Sep 2020 2nd edition

Sign language given a boost

Written by Silusapho Nyanda

The lives of deaf people in South Africa are being made a bit easier through improved communication. 

South African Sign Language (SASL) is set to be standardised, following the launch of the SASL Charter.

The charter addresses inconsistencies in the use of sign language and ensures that sign language interpreters have the right skills.

Devised by the Pan South African Language Board (PanSALB), the charter aims to address issues relating to communication, access to information and facilities as well social justice for the deaf community. PanSALB’s Acting Executive Head of Languages Nikiwe Matebula says the charter will ensure that interpreters used in public service gatherings and events are competent in SASL. 

Matebula says: “As part of this charter, whenever we procure sign language services, it should be in consultation with the Deaf Federation of South Africa.”

With South Africa marking Deaf Awareness Month in September, the charter forces all government departments and state entities to provide interpreting services to deaf people by training essential services staff in advanced SASL. 

According to the PanSALB Board Chairperson David Maahlamela, the charter is based on the ‘nothing about us without us’ disability movement.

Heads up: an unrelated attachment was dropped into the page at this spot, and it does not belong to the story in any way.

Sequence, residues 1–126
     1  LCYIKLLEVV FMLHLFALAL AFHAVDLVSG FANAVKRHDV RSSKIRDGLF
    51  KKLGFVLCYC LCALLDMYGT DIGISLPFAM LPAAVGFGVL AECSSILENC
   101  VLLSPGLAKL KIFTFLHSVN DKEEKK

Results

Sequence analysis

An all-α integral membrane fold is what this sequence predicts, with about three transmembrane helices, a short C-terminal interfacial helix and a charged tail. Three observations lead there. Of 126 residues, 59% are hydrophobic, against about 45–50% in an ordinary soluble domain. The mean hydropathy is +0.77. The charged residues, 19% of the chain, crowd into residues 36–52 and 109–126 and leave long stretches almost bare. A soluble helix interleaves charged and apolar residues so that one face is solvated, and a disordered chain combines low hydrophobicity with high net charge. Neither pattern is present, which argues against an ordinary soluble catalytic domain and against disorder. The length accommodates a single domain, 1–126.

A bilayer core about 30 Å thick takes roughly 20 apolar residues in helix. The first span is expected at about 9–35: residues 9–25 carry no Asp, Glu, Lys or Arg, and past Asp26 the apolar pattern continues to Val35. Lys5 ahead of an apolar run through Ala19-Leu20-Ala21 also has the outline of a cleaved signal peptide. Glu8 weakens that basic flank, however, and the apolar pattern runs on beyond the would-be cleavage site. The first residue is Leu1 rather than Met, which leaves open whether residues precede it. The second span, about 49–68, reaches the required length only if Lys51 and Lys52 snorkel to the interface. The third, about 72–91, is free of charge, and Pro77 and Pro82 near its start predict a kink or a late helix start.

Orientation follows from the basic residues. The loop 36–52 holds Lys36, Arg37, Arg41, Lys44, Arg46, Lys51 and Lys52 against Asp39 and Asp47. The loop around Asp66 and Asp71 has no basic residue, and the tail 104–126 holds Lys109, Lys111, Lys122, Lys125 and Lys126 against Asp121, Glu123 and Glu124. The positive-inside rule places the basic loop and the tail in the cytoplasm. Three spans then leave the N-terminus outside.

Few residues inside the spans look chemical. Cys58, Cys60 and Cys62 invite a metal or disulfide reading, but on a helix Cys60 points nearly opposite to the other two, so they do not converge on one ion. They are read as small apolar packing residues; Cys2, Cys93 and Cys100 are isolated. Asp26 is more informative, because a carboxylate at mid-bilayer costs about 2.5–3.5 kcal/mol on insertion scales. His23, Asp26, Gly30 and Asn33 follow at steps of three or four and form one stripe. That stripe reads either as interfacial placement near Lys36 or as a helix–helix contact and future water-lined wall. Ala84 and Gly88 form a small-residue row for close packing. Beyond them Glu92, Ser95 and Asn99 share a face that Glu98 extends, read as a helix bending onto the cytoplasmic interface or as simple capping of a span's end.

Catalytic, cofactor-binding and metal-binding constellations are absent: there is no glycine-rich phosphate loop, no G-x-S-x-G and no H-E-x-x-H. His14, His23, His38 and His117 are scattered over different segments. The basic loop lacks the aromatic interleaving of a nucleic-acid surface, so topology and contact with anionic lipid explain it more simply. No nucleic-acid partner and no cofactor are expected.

“The launch of the charter is a giant stride towards ensuring the officialisation of SASL as the 12th South African official language,” he says.

The charter calls for the availability of competent interpreters at government service points like police stations. The charter also calls for:

  • Nationwide recognition of SASL.
  • The promotion of learning in and about sign language.
  • Consultation with the deaf community on all matters about them.
  • Ensuring that all those working with deaf people are fit for the job.
  • Sufficient multilingual education for deaf children.
  • Guaranteed access to services for deaf people.

“Being deaf should not be a hindrance when they try to access services,” says Matebula.

Speaking at the launch of the charter, Deputy Minister  in The Presidency for Women, Youth and Persons with Disabilities Hlengiwe Mkhize said: “We must ensure that SASL is a right that people can access.”

The charter is available in video format. 

For more information, visit PanSALB’s website or visit one of the organisation’s provincial offices. 

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